For the Harris Hawk: Group hunting and multiple kills require a special approach. The solitary falconer seeking a single kill per hunt has the option of a leisurely pick up, a substantial reward and any number of lure-transfer or tidbit-tossing techniques to get his hawk off quarry; for several good reasons, none of these are practical choices in the group situation.

First, speed is essential, as the hawks will shortly move on without you in search of more game. In my experience, a group of eager Harris hawks will give you about four minutes before resuming the hunt.

Second, safety is paramount: a lure or tidbit tossed beside a kill will immediately send numerous hawks crashing into the ground and into each other, large feet snatching wildly for a small target.

Finally, in the group hunt there is no chance to feed up on any single kill and call it day. The time factor is one reason for this, but note that any subsequent move toward the truck will draw everyone’s hawk in that direction, an often dangerous or at least annoying effect, depending on the circumstances. Even “discretely” lagging behind to allow your hawk a lazy feed is impossible, since it will doubtless cause at least one other hawk to stay behind hoping for scraps (missing hawks are cause for panic). So when you start a group hunt, you are in for the duration; if your hawk kills along the way, you have to mop up fast and get him back on the wing to finish the circuit as a team.

Any time there is a hawk or hawks on the ground with game, there is opportunity for disaster. Whatever happens, get there fast. The first order of business is to cover the hawk, shield it from the other birds and see what’s in its feet. If the quarry is a small “miscellaneous critter” (a mouse, rat, lizard, toad, etc.) I grab the hawk’s feet around the ankles and pinch away as much of the animal as I can while the hawk desperately tries to swallow the rest between my fingers. The less of anything they get in this situation, the better, as it only takes the edge off your hawk, and you may have miles to go before the hunt is over. My exception here is with sparrows: Generally these are caught in solo hunts, and I let the hawk eat them in peace on the ground. Don’t ask me why because I don’t know.

With rabbits (or any large game), again you need to get there fast. Control the struggle; make sure the hawk is safe, then kill the game. If two or more birds are on the quarry, grab as many feet as you can to secure them and call for help! Determine which hawk caught the game and remove all the others by pulling their toes from the kill and carrying them away under an arm. If two hawks were equally responsible for the kill and both are to be fed from it, allow them to feed at separate ends and hold their feet while doing so. If you want a third to feed from the carcass, wait until the other two have eaten and been removed first.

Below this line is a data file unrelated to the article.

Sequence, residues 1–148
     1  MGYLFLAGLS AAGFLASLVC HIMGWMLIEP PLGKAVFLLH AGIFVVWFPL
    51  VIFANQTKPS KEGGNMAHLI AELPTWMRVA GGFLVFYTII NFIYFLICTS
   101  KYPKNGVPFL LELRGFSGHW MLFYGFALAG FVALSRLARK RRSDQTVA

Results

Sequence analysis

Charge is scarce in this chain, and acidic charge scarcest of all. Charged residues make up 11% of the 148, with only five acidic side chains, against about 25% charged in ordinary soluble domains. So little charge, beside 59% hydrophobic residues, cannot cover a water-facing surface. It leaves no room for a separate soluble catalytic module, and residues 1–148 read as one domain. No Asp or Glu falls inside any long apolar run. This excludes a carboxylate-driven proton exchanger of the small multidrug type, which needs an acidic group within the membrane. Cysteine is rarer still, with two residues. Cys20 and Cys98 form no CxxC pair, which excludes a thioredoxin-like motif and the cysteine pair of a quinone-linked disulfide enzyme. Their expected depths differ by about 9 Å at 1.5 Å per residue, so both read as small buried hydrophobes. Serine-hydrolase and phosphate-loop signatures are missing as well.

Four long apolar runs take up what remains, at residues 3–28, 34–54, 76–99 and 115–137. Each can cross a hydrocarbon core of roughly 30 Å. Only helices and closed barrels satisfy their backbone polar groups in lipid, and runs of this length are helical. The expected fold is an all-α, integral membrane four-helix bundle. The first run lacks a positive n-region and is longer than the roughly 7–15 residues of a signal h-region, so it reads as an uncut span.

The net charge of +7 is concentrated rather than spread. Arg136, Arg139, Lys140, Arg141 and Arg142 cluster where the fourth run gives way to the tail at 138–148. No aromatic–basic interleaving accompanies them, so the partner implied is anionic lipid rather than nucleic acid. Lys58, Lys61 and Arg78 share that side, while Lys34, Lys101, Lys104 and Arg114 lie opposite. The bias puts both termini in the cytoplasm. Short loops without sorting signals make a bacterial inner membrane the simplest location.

I let my male Harris have at least a few bites from every rabbit he catches (though I give him no reward for piling into others’ kills, which he does rarely). After controlling the struggle and killing the rabbit, I tear the skin above the bunny’s shoulder with my fingers and let the hawk start feeding there. If he’s only to get a small amount, I let him eat from the meat of the shoulder; but if he can stand to have a little more or needs to, I’ll poke a hole through the ribs and let him eat the heart and/or lungs and take some fresh blood. Never does he get more than a quarter crop, and often no more than a few good bites.

When I want to remove him, I kneel on the rabbit’s back legs to pin it to the ground. Then holding the hawk’s ankles with my thumbs, I wriggle my fingers between the rabbit and the bottom of the hawk’s feet and gently (but certainly) pry the rear and front toes from the carcass, taking care to prevent the hawk from puncturing his foot (or my hand, if possible). Usually a rocking motion is involved that helps ratchet the talons from the carcass. With practice and a cool head, it’s a piece of cake.

Once the hawk’s feet are free, I gather them into one hand and use the other to fumble the rabbit into my hunting vest (some help here is always welcome). Before standing, I release the hawk to the ground and get a tidbit ready to call him to the fist. He flies up, takes the tidbit, feaks or rouses (or not) and flaps toward the trees to join the group. Within minutes he could be down on another rabbit and the whole process repeated.

While any or all of the above may run counter to conventional or traditional wisdom, so does the Harris hawk! The key points of the technique are: control, safety, and speed. If done consistently, I have never known this regimen to engender resentment or cause a loss of confidence in a Harris.

With Kestrels: As a member of “the car hawking generation,” I have had plenty of opportunities to practice making in on small hawks as they struggle with European starlings. The lion’s share of my experience here has been with American kestrels, not too much larger than starlings themselves. In many ways, the situation is similar to assisting a redtail or Harris hawk with a rabbit.